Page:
We great apes know better than to bring baboons around. It could very well soil the reputation we’re trying to build.

You just have to draw the line somewhere.


Copyright 1992 Ben S. Pollock

Assault with Deadly Pun Reflects on Gag Order as Juvenile

Loose Leaves, 1st published Sunday 11 June 2000 in The Morning News of Northwest Arkansas

By Ben Pollock

Copyright 2000 Donrey Media Group

He was just a puppy. He didn’t mean to be mean.

“I can’t believe he actually broke skin, that he got a chunk of that police dog,” said a tabby cat, who worked for a tabloid.

Yet the frisky terrier, accidentally or not, drew a little blood when he nipped the mature German shepherd. In turn, the K-9 took a practiced bite out of that puppy’s hide he will never forget.

Puppy was 8 months old; isn’t that about 14 in human years?

The question for all the assembled pets and wildlife in the suburban yet rural subdivision was how to punish Puppy.

The court could order him shunned for a period of time or bit again, this time officially and under sanitary conditions.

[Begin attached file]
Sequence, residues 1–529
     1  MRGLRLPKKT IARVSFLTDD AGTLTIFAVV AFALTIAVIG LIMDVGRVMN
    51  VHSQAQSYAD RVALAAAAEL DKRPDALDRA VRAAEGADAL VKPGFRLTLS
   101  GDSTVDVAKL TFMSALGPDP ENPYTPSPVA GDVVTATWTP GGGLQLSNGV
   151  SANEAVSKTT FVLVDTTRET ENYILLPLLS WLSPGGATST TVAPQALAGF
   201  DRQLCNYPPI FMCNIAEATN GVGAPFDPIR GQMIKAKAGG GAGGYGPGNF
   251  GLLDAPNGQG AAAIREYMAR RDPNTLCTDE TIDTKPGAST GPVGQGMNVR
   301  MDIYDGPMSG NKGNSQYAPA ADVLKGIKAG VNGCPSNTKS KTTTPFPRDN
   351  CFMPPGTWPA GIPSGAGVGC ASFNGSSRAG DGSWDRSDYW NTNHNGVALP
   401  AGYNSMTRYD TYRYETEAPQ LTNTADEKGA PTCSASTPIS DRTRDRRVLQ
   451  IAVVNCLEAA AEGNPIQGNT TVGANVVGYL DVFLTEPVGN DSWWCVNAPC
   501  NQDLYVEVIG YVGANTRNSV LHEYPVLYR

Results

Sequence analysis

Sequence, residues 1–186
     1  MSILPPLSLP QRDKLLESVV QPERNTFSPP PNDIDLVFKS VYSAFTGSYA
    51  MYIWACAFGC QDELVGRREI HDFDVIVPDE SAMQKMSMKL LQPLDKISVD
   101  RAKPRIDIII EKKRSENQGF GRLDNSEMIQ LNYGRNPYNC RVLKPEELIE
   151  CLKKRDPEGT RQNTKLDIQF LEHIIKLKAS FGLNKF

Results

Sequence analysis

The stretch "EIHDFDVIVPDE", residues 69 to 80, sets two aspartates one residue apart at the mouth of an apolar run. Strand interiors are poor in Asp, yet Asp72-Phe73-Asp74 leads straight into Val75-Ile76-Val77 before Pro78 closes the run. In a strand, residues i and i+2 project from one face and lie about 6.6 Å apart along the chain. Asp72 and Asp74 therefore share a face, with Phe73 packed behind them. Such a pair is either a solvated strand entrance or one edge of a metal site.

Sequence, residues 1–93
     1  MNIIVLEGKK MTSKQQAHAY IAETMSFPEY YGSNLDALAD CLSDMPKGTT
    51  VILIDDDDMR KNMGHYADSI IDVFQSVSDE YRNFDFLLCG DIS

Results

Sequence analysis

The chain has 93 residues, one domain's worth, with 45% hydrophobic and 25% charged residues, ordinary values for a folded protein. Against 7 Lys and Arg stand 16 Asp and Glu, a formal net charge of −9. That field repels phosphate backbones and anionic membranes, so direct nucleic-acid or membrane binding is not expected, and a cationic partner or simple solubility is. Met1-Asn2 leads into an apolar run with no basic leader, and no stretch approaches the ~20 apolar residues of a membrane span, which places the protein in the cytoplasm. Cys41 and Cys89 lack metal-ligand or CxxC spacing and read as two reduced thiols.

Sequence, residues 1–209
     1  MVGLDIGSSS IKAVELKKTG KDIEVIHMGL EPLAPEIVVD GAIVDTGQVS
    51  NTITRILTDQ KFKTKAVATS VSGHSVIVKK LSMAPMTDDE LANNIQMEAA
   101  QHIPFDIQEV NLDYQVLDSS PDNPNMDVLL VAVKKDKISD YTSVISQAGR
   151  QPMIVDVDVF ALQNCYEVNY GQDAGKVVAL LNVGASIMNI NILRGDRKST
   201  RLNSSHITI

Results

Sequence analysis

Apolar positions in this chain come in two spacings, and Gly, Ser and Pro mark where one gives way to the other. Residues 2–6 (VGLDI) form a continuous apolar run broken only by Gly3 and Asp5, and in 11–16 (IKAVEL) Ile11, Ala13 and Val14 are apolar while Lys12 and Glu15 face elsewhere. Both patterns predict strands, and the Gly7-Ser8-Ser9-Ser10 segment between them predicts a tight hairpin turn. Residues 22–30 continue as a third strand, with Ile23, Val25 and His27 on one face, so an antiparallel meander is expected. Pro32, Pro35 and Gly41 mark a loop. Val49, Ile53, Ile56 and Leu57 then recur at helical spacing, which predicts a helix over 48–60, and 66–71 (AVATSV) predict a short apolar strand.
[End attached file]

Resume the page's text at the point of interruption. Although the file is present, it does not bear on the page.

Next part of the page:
The court could “go human” and pop his snout with a rolled-up newspaper. First the officers of the court would have to roll up a newspaper, bind it and then figure out how to pick it up and swing it.

The critters, however, were getting ahead of themselves.

Maybe that’s why the judge wanted to muzzle everybody.

First, they had to play fair. Guilt — or innocence — must be proved.

This was a formality. There were witnesses, many of whom were elders of the community.

The incident happened in a yard surrounded by a tall wooden privacy fence. Animals in other yards did not see it. They depended on cats to sit on the fence and screech out the events as they had occurred and now to report on the trial.